Macs in Saudi Arabia
Disclaimer: This article has been originally Posted on MyMac back in 31/3/2006 (Some information might be out of date).
Sitting in a local Starbucks in Jeddah, Saudi Arabia, surfing the web while downloading my favorite Podcast, a young man approaches me, apologizing for the interruption.
“Do you work with Apple?” He asked.
“No, why?!” I reply.
“Well I was watching you working on this Apple notebook, I assumed that you might be working with them.” He says.
“I am a Mac fan, but I don’t work for Apple.” I said smiling.
“I am planning to switch to a Mac machine, are their computers any good? Can I use it for everything?” He asks.
I would have been a millionaire by now if I got a dime for every time someone asks me such questions.
People in the Middle-East see Apple products as a commodity, and a high-status symbol; using a Mac in cafes is such a prestigious in your face type of public statement. The only problem is that Apple has done little to support all those switchers. New users simply don’t know if they can use Macs the same way they would use a normal PC, or they believe in myths like using a Mac would get them stranded on a lonely digital island by themselves. In this part of the world we have to depend on unofficial Mac user groups, mostly created by a bunch of friends who own Macs, to spread the awareness of using Apple computers.
One of the things Apple should really consider is launching a mid-east region iTunes Music Store, as almost everyone owns an iPod around here, but they only use them to rip audio CDs. If Apple launches an iTunes store here people will find it extremely cheep to buy songs, and Apple would reach two billion songs in no time.
“iPods simply sell out as soon as we put them on display, it takes us a day or two max, to sell all of them” Said an electronic store salesman to me once I asked about the availability of an iPod Shuffle, which was sold out on the second day they released it.
In Dubai, UAE you can find Apple products sold virtually in every mall or electronic store around. There is only one lonely Apple store, owned by an official Apple franchise dealer located in Ibn Battuta Mall. You can also find Apple products sold at all Virgin stores around the city, and they even designated sections in their stores exclusively to sell Macs and iPods (I personally consider those places as Mac shrines).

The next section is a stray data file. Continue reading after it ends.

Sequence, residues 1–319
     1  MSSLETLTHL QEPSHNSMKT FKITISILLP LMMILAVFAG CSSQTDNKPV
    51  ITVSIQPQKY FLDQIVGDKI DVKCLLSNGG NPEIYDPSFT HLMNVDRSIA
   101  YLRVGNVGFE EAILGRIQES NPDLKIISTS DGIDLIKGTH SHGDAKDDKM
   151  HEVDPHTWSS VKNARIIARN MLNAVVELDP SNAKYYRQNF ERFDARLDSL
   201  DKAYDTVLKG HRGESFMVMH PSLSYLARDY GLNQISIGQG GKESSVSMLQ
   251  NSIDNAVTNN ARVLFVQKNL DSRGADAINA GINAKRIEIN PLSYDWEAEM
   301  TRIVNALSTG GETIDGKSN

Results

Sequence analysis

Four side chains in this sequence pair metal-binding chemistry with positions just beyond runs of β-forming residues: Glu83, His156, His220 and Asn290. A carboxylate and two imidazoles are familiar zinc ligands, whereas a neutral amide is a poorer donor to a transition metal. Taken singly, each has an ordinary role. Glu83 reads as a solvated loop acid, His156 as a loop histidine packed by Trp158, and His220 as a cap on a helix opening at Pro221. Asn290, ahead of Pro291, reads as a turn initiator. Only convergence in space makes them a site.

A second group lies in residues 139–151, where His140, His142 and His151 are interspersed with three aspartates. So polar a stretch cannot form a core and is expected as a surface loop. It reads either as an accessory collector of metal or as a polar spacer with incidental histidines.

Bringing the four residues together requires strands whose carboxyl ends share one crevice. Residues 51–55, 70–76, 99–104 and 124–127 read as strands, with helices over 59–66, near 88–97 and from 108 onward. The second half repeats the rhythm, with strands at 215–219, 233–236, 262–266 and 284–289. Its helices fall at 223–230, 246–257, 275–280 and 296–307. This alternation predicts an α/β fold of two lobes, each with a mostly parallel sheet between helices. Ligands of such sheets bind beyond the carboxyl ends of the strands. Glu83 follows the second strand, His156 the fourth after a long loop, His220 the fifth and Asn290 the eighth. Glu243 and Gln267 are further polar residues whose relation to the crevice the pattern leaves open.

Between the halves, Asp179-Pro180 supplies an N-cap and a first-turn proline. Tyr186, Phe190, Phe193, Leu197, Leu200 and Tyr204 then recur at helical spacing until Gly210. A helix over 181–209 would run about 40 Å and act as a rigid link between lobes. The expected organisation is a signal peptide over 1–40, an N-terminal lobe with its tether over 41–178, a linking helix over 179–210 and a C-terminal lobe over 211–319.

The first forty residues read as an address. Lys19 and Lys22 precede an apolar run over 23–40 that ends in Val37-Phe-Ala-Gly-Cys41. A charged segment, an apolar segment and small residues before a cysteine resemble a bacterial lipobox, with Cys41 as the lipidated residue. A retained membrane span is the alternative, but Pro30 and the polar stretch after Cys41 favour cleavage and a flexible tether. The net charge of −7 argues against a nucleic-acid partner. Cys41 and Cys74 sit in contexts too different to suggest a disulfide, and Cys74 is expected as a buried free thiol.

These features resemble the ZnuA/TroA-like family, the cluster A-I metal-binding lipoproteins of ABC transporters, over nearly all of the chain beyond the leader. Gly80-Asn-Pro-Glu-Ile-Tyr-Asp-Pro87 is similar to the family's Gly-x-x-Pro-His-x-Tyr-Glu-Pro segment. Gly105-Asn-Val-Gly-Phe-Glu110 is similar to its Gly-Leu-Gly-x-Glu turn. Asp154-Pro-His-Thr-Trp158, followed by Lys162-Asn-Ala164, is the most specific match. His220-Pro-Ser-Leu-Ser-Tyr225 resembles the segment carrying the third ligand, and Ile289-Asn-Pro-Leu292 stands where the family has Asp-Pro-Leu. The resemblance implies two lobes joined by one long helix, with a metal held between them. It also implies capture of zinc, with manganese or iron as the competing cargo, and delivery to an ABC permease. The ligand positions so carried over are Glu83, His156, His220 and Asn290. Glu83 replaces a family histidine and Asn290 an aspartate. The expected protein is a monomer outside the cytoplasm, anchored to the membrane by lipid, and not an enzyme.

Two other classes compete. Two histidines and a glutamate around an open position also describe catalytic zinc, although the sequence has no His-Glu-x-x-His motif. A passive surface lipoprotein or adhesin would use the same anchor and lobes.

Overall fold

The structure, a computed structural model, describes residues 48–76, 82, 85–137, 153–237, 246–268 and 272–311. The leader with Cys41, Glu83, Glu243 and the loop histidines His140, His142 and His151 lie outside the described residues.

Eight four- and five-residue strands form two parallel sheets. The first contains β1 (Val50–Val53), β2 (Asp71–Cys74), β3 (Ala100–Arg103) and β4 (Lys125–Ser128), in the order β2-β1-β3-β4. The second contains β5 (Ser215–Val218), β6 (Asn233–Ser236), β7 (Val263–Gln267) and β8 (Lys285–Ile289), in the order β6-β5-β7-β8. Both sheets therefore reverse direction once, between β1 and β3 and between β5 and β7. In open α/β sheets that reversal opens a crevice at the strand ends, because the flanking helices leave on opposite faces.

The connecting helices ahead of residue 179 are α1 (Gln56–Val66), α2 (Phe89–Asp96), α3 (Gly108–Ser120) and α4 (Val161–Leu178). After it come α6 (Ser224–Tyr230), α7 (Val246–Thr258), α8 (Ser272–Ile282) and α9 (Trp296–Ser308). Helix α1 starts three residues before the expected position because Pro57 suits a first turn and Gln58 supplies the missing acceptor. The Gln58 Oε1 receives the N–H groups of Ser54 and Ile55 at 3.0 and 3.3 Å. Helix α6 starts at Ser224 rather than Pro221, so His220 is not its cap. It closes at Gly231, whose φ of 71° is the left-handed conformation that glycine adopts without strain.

Last Christmas I visited Dubai working on a travel article, and while there I thought I might as well get my fiancée a new iPod nano, since her 20GB 4th Generation iPod died on her. I searched everywhere for one, but not a single one could be found, and every time I asked a store clerk they tell me that they are sold out, and not getting any units shipped till January 2006.
“The nano is so cute, people can’t help themselves but to buy one or two as a perfect Christmas gift” said one stores salesman.
Back in Saudi Arabia, more and more people are starting their switching to Macs over PCs, and enjoy the process of doing so. “How can such a great solid operating system be out there without being noticed by the public” Said a switching friend to me once “I have wasted my time using PCs, I wish people can see this fact like I did.”
The Mac community is growing day after day in Saudi Arabia and the middle-east region. Some people get interested in Apple computers after seeing a Mac machine in action in-front of their own eyes, but most people get hooked up simply by using iPods, which proves that the halo effect does exist.
I know a lot of people who have recently switched to the Mac platform, and bought their second Mac machines to use in their homes. In most cases they would buy a Mac mini as a second system, to store their entire music library on and share it over Airport.
“Is this a full computer?” asked a friend when we laid our eyes for the first time on the Mac mini.
“To tell you the truth, I don’t know why people still buy BUBs.” I said wondering.
(BUBs: Big Ugly Box).
© 2006 Mazen Al-Angary